Jaguar in fast lane with bumper profits
By Mary Brasier
Jaguar Cars, which was privatised by the Government last year, has increased profits by 83 per cent to £91.5 million after selling nearly 33,000 cars worldwide. Jaguar has stepped up production at its Browns Lane assambly plant in Coventry to meet increased demand, particularly from the US, which took 86 per cent of the company’s output last year. The chairman , Mr John Egan, said the prospects for 1985 were also encouraging.
“We expect the major luxury car markets to grow during the year and as in 1984 demand for Jaguar cars will continue to exceed supply.”
The strength of the dollar has added extra fuel to Jaguar’s success, although the company has mitigated some of the currency influence by selling forward a “substantial” proportion of its 1984 and 1985 dollar receipts.
“We do not need a low exchange rato to make profits. Steady and reliable growth is preferable to wide profit fluctuations.”
US sales have benefited from a shake-up of the dealer network as part of Jaguar’s moves to pinpoint Its market among luxury car buyers. Shared dealerships with more mass market badges like Triumph and Rover are being renegotiated, and sales are now running at an average of 100 cars per dealer. The US bought 1,826 cars last year and the Jaguar management is looking for at least another 10 per cent increase from the US and other big markets in 1985.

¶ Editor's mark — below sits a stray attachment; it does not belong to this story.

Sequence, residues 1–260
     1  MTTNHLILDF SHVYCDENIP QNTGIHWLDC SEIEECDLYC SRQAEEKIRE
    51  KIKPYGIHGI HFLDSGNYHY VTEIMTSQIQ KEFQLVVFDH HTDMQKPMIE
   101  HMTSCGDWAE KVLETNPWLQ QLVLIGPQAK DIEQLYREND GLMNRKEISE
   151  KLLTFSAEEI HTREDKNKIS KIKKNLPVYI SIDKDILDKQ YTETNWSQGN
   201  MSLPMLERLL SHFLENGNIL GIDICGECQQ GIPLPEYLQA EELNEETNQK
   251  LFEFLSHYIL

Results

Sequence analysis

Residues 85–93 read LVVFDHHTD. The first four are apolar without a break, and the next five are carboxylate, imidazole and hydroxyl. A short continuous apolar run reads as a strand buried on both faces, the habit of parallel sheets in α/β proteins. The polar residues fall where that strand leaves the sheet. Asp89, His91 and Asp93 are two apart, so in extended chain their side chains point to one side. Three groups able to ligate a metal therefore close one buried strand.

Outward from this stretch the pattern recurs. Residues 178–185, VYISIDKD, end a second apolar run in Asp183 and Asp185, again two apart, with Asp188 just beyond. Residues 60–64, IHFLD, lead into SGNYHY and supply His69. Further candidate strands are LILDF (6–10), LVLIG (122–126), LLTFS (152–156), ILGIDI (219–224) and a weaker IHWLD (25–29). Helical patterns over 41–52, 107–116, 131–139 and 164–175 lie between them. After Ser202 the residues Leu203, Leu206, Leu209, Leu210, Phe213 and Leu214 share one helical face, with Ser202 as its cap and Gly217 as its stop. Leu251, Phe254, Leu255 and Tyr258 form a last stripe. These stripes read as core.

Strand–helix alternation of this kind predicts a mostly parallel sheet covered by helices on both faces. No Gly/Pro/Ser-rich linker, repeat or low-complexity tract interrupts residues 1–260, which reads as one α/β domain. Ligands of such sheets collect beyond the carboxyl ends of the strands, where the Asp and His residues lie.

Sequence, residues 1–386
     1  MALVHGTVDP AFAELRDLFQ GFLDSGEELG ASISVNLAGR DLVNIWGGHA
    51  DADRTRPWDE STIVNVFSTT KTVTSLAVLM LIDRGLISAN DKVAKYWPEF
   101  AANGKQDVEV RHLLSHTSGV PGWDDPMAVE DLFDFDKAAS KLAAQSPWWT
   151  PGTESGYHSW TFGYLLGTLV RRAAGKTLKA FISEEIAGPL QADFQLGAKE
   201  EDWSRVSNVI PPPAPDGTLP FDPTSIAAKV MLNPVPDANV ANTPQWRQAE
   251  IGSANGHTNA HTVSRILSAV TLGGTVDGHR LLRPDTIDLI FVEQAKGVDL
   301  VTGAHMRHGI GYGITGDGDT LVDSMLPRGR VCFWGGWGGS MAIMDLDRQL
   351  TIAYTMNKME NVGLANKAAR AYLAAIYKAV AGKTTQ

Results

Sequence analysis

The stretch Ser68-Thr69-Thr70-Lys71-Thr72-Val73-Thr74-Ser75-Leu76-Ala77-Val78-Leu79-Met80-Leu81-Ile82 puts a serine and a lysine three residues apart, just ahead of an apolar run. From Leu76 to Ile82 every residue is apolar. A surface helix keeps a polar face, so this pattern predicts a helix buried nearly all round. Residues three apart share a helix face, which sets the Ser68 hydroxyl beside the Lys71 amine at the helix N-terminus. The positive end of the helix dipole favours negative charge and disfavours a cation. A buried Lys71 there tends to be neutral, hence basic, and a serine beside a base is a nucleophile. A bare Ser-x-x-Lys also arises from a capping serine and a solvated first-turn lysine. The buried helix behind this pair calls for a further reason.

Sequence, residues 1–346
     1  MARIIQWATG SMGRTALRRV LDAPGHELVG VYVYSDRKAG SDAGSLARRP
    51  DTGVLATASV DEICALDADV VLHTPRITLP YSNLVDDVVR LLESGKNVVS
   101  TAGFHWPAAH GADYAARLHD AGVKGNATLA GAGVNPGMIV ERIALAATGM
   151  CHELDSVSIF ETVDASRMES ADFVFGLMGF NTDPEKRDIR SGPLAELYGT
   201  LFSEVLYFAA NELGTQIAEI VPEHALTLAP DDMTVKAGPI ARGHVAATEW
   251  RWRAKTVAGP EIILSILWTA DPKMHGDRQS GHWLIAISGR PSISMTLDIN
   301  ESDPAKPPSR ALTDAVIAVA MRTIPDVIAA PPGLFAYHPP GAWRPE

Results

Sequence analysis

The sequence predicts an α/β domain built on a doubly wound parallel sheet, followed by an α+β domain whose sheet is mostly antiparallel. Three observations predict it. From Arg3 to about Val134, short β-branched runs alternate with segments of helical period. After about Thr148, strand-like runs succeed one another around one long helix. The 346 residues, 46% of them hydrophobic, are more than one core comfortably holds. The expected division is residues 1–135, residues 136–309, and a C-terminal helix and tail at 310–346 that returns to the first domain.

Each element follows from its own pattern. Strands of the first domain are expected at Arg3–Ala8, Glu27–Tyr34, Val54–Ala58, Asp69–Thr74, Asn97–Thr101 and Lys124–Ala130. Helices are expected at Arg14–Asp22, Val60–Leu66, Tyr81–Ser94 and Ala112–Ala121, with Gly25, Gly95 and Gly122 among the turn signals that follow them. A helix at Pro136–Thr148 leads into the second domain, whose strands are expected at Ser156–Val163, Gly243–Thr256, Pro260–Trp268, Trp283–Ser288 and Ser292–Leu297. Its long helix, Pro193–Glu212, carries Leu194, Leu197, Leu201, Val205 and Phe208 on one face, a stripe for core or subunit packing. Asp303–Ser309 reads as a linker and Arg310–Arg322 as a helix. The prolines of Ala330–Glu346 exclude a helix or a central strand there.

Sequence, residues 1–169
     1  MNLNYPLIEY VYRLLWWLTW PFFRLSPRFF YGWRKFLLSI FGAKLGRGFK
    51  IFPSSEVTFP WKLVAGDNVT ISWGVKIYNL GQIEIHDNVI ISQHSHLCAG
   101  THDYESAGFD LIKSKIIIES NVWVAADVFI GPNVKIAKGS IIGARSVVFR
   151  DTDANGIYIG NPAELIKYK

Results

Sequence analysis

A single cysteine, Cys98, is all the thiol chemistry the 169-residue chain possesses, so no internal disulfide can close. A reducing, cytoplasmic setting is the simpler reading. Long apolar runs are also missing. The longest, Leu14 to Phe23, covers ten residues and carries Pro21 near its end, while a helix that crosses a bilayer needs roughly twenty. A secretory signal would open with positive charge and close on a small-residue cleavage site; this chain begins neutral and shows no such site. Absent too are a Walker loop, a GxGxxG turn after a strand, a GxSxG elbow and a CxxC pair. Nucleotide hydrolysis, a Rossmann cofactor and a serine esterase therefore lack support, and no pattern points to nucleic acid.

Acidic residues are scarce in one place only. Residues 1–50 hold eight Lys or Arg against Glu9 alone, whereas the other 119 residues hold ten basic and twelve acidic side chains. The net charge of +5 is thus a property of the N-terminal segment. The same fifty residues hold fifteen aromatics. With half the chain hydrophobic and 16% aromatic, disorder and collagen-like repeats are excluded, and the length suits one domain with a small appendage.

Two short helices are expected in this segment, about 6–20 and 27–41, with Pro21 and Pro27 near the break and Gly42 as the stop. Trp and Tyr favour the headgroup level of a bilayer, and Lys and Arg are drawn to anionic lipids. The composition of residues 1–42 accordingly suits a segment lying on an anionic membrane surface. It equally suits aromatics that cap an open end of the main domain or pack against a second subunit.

Growth in newer markets like Australia, Canada and West Germany, where Jaguar is challenging BMW and Mercedes on home ground , ranged from 55 per cent to 87 per cent last year. In the UK, Jaguar outstripped all its rivals to lift sales by 7 per cent when the market as a whole shrank . The company’s principal model , the Series 3 saloon, sold 26,730 and worldwide sales of the XJS sports version , rose from 4,868 to 6,070.
Jaguar employees who were given £450 of shares at the time of the flotation , are about to receive a second allocation, taking the value of their holding to about £1,300 at yesterday’s market price of 316p per share. All shareholders collect a 4.75p dividend.
The company took on 1,500 new employees last year to keep pace with the growth in sales and went over to partial double-shift working. The management said yesterday that morale was very high because the company was doing well. Jaguar spent £38 million last year and is stepping capital expenditure up further over the next two years to £50 million in 1985 and between £50 million and £60 million in 1986. The money will go on replacing plant, introducing robotics, and flexible automation.